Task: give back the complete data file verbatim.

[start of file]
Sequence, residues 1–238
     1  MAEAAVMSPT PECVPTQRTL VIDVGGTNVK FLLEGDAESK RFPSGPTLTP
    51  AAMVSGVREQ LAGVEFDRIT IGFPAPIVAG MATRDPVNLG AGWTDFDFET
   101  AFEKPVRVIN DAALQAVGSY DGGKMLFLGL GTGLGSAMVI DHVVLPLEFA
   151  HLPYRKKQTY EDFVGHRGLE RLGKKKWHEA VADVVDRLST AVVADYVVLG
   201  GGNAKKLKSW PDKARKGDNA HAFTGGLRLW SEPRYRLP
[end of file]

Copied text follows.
Sequence, residues 1–238
     1  MAEAAVMSPT PECVPTQRTL VIDVGGTNVK FLLEGDAESK RFPSGPTLTP
    51  AAMVSGVREQ LAGVEFDRIT IGFPAPIVAG MATRDPVNLG AGWTDFDFET
   101  AFEKPVRVIN DAALQAVGSY DGGKMLFLGL GTGLGSAMVI DHVVLPLEFA
   151  HLPYRKKQTY EDFVGHRGLE RLGKKKWHEA VADVVDRLST AVVADYVVLG
   201  GGNAKKLKSW PDKARKGDNA HAFTGGLRLW SEPRYRLP